Ooh these dresses are really trendy*

The Fashion Macaroon

With as much originality as Frankie Boyle’s stand-up routine, the Fashion Macaroon has spread like pustulous acne across the fashion capitals of our World. They do taste nice though, if not a bit samey despite the crazy colours and pompous sounding names your outlet of choice has bestowed upon them – lavender dream anyone?

Please feed us something else


If you really want to sound like you know what you’re on about then try throwing about a few abbreviations;  Vivienne Westwood becomes Westwood, Julien MacDonald becomes Julien and Christopher Kane becomes, well, you get the freaking picture. You’re FAR too important and busy to exert the energy it takes to say a name in full – plus this has the added benefit of making you appear like you’re on first name terms with the designer. Only you’re not and neither is anyone else.

The Fashion After Party

There are two things to remember should you find yourself at a Fashion After Party. That girl you were just hitting on was actually a guy and if you find yourself getting snapped by a I’ fashion photographer then there are only two acceptable poses:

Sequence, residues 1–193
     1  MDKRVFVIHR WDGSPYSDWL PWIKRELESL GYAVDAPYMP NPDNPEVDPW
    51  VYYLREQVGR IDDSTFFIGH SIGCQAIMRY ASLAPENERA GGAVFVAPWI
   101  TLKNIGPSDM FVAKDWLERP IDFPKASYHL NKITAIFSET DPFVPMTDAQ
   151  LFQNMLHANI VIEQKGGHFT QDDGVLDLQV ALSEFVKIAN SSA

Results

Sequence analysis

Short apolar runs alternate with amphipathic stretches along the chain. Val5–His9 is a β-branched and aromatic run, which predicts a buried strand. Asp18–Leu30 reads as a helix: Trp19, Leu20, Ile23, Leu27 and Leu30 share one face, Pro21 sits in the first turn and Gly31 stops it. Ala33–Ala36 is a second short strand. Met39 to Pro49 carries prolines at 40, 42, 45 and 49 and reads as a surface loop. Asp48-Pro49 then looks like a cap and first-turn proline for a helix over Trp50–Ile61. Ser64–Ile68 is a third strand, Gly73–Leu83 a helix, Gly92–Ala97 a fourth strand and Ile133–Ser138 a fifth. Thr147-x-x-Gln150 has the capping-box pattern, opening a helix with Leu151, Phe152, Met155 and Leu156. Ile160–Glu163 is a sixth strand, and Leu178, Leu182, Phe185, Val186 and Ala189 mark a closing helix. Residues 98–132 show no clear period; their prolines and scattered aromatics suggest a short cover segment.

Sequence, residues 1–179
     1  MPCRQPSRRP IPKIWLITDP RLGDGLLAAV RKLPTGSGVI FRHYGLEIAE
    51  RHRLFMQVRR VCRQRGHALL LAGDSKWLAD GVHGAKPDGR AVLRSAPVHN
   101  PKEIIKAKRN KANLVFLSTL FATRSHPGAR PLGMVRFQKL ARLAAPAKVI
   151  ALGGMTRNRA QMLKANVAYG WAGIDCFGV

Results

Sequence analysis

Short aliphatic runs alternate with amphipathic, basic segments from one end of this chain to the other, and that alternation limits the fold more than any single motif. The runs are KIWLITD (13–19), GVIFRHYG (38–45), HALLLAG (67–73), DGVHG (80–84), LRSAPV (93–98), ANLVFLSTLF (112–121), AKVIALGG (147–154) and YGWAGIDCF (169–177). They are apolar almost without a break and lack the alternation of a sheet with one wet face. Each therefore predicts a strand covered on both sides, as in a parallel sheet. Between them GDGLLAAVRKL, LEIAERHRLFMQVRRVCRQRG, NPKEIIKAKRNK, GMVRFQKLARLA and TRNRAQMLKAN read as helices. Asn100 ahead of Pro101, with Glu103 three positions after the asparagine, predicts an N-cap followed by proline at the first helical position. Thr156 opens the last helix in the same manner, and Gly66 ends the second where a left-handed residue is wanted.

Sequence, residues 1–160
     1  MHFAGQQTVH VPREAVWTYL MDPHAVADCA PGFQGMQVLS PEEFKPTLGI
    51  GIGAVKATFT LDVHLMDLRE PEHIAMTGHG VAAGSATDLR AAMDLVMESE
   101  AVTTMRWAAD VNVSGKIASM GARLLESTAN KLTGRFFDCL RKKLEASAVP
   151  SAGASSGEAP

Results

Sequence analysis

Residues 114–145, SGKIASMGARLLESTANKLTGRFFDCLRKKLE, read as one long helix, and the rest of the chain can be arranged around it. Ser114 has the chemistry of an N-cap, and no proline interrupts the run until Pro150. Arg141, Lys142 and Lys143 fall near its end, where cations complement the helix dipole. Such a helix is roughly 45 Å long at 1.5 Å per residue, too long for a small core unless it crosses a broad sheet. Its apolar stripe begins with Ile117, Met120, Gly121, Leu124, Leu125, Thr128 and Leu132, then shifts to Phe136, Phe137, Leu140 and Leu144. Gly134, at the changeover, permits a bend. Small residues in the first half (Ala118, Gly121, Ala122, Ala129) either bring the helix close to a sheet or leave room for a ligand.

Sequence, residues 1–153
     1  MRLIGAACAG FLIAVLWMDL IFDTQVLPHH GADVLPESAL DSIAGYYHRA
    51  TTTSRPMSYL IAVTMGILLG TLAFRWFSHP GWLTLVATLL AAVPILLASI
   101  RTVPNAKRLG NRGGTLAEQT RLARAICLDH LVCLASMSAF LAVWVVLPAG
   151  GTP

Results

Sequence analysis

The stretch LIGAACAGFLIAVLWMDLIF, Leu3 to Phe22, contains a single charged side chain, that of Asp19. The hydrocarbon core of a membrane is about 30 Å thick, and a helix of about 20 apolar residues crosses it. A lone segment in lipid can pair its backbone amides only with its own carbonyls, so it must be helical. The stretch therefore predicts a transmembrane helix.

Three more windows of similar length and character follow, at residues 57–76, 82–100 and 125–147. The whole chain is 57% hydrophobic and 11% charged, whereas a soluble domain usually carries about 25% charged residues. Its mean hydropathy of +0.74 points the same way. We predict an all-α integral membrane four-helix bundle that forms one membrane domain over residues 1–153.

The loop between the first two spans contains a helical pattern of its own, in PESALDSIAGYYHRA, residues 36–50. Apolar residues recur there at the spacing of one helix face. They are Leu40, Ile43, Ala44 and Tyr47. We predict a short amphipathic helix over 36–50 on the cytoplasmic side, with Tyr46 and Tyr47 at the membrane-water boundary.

1. The cheek suck/Diana head tilt. Best accompanied with a slight lift of your free glass of  cheap Prosecco (cunningly disguised as champagne by being in a flute and being vaguely carbonated).

2. The peace sign two finger salute. Just pretend you’re a Japanese schoolgirl posing next to a Prince William waxwork at Madame Tussauds.  Alright you can stop pretending now, pervert.


* DO NOT UNDER ANY CIRCUMSTANCE SAY THE WORD ‘TRENDY’ OUT LOUD DURING FASHION WEEK OR USE IT TO DESCRIBE A COLLECTION.  The only person that should use this word is your mum when she’s bought a pair of slim-fit jeans from Next and she’s showing them off to you in the lounge before she goes to Bingo. ‘Ooh, do you like my Trendy jeans.’ This is really the only acceptable use-age of this word and even then it’s pretty dubious.


Or alternatively, you could always read a book.